section 2 - positioning

We are in a world of constant content. There is so much music being released today that your number one goal has to be standing out and setting yourself apart from others in your niche. Brand positioning is all about claiming a unique space in the minds of an audience.


…all about claiming your unique space in the minds of an audience.

When developing your overall positioning, there are 3 questions you must answer to establish your point of differentiation so that your brand is the ‘go-to choice’ instead of the alternative:

  1. What is the exact category that my brand is in? It’s important to understand what market are you looking to dominate, where the opportunities are, and if there are any gaps you can fill.

  2. Who is my “best” target audience? You cannot, and should not be all things to all people. That’s why you must narrow your target audience down to your ideal customer and really understand their specific needs and pain points. If you don’t know how to go about this, dont worry we have an exercise that helps you!

  3. What really sets my brand apart relative to the competition? Every brand should look to deliver a unique story in the market. What is it about your brand that makes you a star in your niche? While there may be similar artists in the marketplace – there should only be one YOU.

Once you can clearly answer these questions, then you’re much closer to setting your brand up for positional power. Your positioning and brand as a whole is not Master Music Branding 9 about how you see yourself but how other people see you. You don’t have to act on what other people say, but additional perspective can be invaluable.

setting apart w/ story

Going deeper into something mentioned in the third bullet point: story. What exactly does that mean? Well, here are a few examples.

Kendrick Lamar’s debut album Good Kid M.A.A.D. City, told the story of a kid who is by no means a thug, but grew up in a rough environment. So many kids can relate to that perspective. For so long, people acted as if rappers had to be “hard”, then backpack rappers and “nerd rap” became more popular which spoke to fans at the other extreme. Nobody on that level of exposure ever branded themselves specifically representing the “kid” who’s somewhere in the middle.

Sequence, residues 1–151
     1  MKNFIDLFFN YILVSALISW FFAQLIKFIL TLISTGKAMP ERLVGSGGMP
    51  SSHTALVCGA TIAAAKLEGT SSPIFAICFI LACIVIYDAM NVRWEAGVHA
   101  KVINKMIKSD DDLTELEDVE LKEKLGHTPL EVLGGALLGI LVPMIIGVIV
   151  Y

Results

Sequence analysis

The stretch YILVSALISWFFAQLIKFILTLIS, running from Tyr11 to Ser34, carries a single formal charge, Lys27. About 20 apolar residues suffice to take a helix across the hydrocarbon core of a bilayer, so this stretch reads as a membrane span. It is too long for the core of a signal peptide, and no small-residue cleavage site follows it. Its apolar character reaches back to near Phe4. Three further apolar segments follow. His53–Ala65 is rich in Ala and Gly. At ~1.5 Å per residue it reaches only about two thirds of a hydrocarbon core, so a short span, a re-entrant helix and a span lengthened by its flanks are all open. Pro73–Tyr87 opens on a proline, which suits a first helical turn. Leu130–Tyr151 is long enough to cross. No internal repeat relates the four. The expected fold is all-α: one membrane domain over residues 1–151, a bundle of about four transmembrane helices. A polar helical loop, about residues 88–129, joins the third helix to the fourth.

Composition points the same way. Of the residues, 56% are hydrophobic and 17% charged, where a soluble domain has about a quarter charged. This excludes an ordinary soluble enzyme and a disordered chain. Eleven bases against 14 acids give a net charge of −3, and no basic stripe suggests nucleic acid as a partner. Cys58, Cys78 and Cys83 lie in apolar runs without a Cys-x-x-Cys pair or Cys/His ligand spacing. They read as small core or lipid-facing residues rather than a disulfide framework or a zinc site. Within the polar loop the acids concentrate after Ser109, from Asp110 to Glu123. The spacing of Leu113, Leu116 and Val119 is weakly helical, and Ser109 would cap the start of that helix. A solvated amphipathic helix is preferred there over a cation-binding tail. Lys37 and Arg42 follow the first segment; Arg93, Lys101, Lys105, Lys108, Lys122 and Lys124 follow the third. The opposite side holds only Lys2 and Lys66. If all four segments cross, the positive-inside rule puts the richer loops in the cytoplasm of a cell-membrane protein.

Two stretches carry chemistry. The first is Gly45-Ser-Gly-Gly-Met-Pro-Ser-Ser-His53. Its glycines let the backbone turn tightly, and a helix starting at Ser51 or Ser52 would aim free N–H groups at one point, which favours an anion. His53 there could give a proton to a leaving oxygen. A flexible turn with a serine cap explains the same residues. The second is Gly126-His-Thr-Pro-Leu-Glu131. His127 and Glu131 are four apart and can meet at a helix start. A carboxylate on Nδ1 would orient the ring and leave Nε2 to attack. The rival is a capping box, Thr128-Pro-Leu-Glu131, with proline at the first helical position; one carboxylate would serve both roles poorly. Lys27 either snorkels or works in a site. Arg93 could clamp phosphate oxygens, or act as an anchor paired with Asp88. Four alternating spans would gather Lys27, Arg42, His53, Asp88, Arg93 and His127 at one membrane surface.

Chance The Rapper turned lemons into lemonade when recorded a mixtape during his 10 day school suspension and titled it 10 Day.

When Eminem was first introduced to the masses, he was the “white boy” next to Dr. Dre. He wasn’t a white guy who “acted black” but he was genuinely a great rapper - which added more curiosity given Dr. Dre’s storied “street” background. Then Eminem took establishing his story to another level with his movie, 8 Mile.

50 Cent got shot 9 times and leveraged this story line all the way to the top.

Kanye West did the same thing we he rapped with his mouth wired shut on Through The Wire, after the car accident that almost killed him. They made sure everybody knew! Stories can create myth.

Stories can create connection. Most importantly, they drive perception. When thinking about what your story will be, look back through these to help you come up with something compelling.

Let’s keep 100…

A lot of times, artists let fake-mature fans on the internet get into their head when they say “I don’t care if an artist is black, white, male, female, attractive or any other label”.

The truth is they do care and that is why many music business people still look at artists through these lenses. They are looking for people who can relate to specific audiences, or in business speak...they are looking for a product that will fulfill demand in certain markets. They know that only so many people can be Beyonce, Kanye, Taylor Swift and Justin Bieber, but there are many opportunities to serve smaller niches with loyal fanbases.